As if that wasn’t bad enough, your new album, Come On was released a day before the attacks at the Bataclan in Paris and one day after you slipped in the tub in that same city and hit your head. This time, you again suffered an even more serious concussion.
Oh I know, my bad luck is absolutely ridiculous. I feel quite embarrassed about it.  But I swear I had nothing to do with the events at the Bataclan! [we both laugh – of course not!]

So here’s a big question for you: How are you?

I'm better but I’m not where I need to be. I worry that, what if this is my new 100%. How can I make this work? I need to understand my new boundaries and levels of energy. I need to learn to say no to opportunities. But in this business you just never say no. You want the opportunities to come. That's how you make it – the constant promo, constant touring, non-stop reaching for the best possible scenario. It’s a feast or famine approach. But now, I have to manage my energy, my availability to my family, and my sleep schedule.  I need naps now; I need that time to reset and recharge my batteries. I’m only just learning to say, no. And it’s not easy.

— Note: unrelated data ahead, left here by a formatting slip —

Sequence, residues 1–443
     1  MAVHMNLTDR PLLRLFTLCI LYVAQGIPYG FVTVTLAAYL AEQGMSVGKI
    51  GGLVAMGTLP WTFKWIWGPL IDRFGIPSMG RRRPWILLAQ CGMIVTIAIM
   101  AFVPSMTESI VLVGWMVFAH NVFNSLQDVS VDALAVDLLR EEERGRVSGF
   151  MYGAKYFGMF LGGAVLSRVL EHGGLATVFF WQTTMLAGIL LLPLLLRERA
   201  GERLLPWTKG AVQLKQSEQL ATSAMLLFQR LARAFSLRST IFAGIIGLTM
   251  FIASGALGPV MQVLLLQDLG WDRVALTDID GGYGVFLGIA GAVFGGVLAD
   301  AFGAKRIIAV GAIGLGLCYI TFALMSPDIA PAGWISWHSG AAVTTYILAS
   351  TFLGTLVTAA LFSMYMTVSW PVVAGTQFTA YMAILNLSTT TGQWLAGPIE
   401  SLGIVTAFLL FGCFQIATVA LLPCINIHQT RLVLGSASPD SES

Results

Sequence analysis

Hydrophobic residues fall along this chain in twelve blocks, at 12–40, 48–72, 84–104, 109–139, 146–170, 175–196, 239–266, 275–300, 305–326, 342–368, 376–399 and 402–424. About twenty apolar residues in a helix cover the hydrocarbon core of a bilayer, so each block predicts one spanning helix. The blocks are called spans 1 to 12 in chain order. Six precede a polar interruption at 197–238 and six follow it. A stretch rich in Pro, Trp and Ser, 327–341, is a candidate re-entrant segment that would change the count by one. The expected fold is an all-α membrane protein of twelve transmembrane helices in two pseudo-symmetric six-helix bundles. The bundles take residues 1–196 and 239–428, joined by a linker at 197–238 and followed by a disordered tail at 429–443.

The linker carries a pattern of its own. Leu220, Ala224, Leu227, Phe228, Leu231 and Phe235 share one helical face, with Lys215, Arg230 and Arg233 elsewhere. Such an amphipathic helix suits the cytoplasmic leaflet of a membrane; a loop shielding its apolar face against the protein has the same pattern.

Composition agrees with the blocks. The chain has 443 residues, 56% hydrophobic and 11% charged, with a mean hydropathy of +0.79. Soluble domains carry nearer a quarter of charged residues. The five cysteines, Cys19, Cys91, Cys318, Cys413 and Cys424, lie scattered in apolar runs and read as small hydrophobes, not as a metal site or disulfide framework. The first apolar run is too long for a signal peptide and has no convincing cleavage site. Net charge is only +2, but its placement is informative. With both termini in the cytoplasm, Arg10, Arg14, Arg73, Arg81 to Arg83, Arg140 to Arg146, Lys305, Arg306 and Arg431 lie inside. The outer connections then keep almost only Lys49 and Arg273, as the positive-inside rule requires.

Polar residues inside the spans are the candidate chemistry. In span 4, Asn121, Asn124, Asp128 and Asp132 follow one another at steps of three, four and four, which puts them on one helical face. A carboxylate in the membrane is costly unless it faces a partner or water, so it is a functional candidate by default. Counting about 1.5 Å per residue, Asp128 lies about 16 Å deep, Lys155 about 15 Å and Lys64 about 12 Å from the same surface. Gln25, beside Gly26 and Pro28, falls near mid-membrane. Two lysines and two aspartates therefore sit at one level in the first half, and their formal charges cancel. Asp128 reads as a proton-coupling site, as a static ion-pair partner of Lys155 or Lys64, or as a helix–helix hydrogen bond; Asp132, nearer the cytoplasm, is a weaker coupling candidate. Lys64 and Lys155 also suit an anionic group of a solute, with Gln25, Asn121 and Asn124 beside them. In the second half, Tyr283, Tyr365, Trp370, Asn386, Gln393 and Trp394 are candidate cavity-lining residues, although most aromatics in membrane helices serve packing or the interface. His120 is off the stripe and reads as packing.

Well, we are so happy that you are returning to the stage after all this. Tell us more about Come On.
I wrote all the songs with my friend and producer, Eric Legnini. It was after my breakup with my husband.  I was going through new emotions and experiences. It’s about love and longing. But I really wanted it to be joyous. I knew it would be released in the summer and I wanted the music to be colourful and joyful so that everyone could enjoy it. I wanted people to dance to it!  Turns out, I didn't have a copy of the final CD yet when I hit my head. It took a few months to finally get it and then it just sat in a corner of my room for a year. I didn't want to look at it or hear it. I was heartbroken to no longer be able to do my favourite thing. I don't drink, don’t smoke, don’t do drugs; I do music. That's my thing. And now singing was causing me so much pain. I couldn't hear properly and any bass or sub sounds were painful. I was so afraid that I would never get back to my old self. It was devastating.

And look at you today! You have a performance on July 3rd here in Ottawa.

I know!  I finally listened to the album and I loved it! Wow, I thought it's so good. Now I hear it from an objective place – like I’m listening to someone else’s album.  It was so nice to go back to the old songs. It was like reading my diary and seeing what I was writing about back then.  I’m very excited to be performing these songs again.